1. Test Quality: Iterating on API test will make the application stronger and more comprehensive, which will benefit the team in the long term, raise the product quality and will decrease the number of faults that were to be found in the future.
  2. Test Coverage: Performing API testing during application development can reveal issues with API, server, other services, networks, and more, which may not be easily discovered or solved after deployment of the application.
  3. Test Reuse: One of the best reasons for creating API tests in the early stages is the rewards it provides after its deployment, as the bulk of the tests are already taken care by it. Moreover, with the reuse of API tests across development lifecycle, one can facilitate collaboration among teams and provide a more comprehensive and accurate testing canon.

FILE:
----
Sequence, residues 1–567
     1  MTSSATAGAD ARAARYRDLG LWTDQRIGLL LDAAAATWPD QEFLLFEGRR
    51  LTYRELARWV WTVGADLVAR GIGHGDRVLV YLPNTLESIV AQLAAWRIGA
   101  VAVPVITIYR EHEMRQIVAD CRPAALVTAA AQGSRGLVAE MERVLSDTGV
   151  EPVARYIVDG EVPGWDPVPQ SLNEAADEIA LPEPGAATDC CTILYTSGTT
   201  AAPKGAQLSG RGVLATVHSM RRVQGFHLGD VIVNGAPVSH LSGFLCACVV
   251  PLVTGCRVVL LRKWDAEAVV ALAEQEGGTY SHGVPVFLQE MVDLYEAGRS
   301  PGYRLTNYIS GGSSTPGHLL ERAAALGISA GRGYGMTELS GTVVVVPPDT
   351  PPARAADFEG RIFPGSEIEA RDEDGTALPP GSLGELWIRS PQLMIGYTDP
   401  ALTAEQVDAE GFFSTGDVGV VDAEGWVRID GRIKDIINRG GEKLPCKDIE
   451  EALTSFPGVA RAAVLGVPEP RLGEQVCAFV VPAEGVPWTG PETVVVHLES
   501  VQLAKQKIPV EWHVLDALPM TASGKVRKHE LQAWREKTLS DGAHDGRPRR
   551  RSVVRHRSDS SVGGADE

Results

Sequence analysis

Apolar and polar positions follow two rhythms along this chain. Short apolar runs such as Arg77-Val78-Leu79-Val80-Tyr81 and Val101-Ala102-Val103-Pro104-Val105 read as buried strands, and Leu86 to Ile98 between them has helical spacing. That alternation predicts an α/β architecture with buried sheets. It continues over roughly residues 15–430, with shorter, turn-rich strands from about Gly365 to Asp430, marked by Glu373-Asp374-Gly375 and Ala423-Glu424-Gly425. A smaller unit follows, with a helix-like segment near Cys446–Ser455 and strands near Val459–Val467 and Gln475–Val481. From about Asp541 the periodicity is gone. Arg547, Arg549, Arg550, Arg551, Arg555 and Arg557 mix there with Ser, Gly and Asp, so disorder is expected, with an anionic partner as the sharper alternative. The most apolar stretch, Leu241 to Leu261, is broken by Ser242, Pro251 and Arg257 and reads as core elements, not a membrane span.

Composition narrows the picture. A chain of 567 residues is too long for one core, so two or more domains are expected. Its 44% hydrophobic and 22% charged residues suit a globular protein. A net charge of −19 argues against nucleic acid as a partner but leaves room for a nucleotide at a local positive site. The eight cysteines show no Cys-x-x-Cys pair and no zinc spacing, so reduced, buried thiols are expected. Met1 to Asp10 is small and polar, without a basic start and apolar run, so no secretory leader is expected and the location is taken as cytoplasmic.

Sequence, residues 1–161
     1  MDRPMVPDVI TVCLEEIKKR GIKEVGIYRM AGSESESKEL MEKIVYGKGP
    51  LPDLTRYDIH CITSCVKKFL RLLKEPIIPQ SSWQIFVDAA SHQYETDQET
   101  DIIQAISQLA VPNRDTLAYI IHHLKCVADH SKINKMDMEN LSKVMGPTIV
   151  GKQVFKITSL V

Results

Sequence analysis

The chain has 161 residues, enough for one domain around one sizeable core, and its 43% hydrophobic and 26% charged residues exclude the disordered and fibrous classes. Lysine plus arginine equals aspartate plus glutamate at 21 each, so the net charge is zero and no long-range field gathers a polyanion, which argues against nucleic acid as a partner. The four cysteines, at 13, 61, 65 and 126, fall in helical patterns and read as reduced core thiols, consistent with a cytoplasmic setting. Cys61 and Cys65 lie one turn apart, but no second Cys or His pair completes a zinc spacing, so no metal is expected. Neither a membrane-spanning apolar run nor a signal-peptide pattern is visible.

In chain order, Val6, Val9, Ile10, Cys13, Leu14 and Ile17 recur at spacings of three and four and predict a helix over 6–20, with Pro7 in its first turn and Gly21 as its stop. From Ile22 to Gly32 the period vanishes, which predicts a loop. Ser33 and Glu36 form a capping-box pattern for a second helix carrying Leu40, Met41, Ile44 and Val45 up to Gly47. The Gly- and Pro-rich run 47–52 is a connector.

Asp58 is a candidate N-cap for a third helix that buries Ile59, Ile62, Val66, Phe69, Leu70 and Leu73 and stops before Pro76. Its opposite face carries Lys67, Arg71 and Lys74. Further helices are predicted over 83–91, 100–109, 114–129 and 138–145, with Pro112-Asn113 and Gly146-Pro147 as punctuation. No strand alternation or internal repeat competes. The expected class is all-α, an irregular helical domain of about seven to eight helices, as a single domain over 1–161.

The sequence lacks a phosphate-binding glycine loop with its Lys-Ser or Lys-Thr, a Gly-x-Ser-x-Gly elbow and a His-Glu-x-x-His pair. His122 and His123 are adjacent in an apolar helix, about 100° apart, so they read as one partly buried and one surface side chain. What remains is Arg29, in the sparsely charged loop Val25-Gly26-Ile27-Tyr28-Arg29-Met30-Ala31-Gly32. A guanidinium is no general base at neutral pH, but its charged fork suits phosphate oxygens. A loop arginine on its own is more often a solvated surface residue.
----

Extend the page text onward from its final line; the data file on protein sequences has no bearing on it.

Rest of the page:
Benefits of Testing APIs:

From the above discussion we can easily understand that API testing is an extremely important type of testing. It significance is immense as API testing not only ensures the quality, functionality, effectiveness, and performance of the software and application, but also validates its reliability and security. With its assistance, developers can easily develop an application and can copy or paste a file from one location to another without understanding the file system operations occurring behind the scenes. Other benefits of testing APIs are mentioned below:

  • With the assistance of API testing one can improve the test cycle coverage, as Quality Assurance (QA) engineers use best practises for API to test scenarios that are most likely to occur.
  • Automated API tests use less code than functional GUI test, which leads to more efficient test coverage.
  • The improved test coverage results in reduced testing cost.
  • API testing encourages collaborations.
  • Testing and development are performed simultaneously.
  • API testing makes it possible to quickly create prerequisites for future test cases.